Employer-Sponsored Immigrant


Each year a limited number of foreign nationals are granted Permanent Resident status (Green Cards) through employment-based preference categories. If you have the right combination of skills, education and/or work experience and are otherwise eligible, you may be able to live permanently in the United States. Due to the limitations on the number of employment-based immigrant visas issued, there may not be a visa immediately available in the category in which you are sponsored. You can check the current availability on the monthly visa bulletin at www.travel.state.gov. Additionally, the US Department of Labor (DOL) must first verify that there are insufficient available, qualified and willing US workers to fill the position being offered, and employers must obtain an approved Labor Certification (PERM) prior to petitioning for Immigrant status for employees.

The five employment-based immigrant visa categories are listed below:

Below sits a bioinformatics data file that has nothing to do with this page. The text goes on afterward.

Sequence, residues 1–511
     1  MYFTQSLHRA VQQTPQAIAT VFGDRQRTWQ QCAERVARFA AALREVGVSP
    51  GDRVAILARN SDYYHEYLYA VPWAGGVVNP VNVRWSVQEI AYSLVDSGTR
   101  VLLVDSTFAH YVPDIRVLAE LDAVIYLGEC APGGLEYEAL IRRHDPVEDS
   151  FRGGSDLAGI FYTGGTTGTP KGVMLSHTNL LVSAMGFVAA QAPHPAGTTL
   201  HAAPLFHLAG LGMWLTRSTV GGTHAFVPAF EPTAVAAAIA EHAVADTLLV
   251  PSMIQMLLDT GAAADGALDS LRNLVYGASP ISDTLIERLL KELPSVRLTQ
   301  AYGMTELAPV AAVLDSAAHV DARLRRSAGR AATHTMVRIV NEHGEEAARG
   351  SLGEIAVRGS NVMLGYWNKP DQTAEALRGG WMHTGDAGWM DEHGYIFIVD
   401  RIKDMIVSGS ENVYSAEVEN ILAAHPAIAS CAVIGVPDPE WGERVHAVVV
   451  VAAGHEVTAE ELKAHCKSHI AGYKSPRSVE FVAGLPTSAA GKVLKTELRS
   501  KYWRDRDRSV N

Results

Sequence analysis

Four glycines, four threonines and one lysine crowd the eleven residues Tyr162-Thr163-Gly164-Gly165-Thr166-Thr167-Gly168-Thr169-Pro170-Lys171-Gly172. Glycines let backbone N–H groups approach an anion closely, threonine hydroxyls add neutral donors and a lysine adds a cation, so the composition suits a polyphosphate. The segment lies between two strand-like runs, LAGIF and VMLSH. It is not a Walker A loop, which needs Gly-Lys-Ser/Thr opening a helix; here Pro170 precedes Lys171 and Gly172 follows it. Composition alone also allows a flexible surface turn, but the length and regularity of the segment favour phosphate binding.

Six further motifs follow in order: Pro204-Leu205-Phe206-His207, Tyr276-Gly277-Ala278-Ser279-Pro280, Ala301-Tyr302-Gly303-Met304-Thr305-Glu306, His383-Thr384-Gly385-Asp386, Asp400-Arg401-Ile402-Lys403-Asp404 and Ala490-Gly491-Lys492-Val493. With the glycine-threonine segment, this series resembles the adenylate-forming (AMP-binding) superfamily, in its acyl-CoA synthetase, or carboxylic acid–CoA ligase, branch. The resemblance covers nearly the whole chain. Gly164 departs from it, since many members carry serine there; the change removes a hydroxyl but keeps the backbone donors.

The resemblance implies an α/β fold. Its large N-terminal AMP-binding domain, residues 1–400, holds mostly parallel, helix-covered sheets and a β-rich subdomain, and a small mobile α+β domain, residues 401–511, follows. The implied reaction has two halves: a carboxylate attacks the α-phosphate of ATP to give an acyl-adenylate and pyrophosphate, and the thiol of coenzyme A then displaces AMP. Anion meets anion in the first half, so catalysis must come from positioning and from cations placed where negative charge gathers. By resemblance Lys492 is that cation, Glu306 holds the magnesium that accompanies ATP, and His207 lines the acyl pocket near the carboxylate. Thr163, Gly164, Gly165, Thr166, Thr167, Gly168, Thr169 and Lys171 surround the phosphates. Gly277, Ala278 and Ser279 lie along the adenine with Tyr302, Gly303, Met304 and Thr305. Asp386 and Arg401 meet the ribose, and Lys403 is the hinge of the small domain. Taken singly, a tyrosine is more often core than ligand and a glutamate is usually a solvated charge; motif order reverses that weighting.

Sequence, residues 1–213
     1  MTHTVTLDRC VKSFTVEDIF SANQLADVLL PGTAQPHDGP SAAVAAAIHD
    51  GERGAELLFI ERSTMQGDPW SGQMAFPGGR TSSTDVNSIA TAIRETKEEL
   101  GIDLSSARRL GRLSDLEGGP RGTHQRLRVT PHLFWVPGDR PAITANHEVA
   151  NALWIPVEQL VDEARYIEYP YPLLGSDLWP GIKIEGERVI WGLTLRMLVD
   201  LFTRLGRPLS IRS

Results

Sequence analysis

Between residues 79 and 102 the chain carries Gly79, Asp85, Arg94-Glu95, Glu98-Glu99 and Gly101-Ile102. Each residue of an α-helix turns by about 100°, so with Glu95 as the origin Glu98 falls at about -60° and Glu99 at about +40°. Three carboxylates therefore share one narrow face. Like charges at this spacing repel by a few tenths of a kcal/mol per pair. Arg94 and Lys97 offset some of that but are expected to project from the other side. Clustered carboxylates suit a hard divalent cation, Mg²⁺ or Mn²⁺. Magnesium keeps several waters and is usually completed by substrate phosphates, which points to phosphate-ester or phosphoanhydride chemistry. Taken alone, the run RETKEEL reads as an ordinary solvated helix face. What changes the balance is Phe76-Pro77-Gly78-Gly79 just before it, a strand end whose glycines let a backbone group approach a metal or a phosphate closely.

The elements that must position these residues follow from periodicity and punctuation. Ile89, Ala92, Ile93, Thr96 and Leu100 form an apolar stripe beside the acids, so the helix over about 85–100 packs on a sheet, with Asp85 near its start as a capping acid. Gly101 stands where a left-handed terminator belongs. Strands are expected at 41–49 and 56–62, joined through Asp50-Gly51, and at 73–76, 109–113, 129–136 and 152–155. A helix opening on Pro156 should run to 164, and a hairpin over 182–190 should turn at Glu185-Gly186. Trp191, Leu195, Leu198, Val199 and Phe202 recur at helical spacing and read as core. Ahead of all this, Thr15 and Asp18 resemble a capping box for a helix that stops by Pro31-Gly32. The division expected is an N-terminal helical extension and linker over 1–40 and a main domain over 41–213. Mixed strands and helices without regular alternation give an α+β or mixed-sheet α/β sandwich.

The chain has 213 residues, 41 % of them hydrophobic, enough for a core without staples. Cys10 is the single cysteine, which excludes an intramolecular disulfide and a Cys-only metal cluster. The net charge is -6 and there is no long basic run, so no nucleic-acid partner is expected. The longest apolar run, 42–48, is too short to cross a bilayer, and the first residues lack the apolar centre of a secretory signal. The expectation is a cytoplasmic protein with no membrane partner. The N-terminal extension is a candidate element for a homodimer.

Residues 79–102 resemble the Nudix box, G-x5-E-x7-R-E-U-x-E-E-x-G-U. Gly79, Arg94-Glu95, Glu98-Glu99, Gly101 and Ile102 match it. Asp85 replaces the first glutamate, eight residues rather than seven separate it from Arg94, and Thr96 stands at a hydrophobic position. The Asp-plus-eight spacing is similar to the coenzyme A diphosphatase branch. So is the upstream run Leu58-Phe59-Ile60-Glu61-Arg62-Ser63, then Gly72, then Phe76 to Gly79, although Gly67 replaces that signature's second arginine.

Table 5 Permanent Worker Visa Preference Categories
PreferencesGeneral DescriptionLabor Certification Required?
First Preference EB-1This preference is reserved for persons of extraordinary ability in the sciences, arts, education, business, or athletics; outstanding professors or researchers; and multinational executives and managers.No
Second Preference
This preference is reserved for persons who are members of the professions holding advanced degrees, or for persons with exceptional ability in the arts, sciences, or business.Yes, unless applicant can obtain a national interest waiver
Third Preference
This preference is reserved for professionals, skilled workers, and other workers.Yes
Fourth Preference
This preference is reserved for “special immigrants,” which includes certain religious workers, employees of U.S. foreign service posts, retired employees of international organizations, alien minors who are wards of courts in the United States, and other classes of aliens.No
Fifth Preference
This preference is reserved for business investors who invest $1 million or $500,000 (if the investment is made in a targeted employment area) in a new commercial enterprise that employs at least 10 full-time U.S. workers.No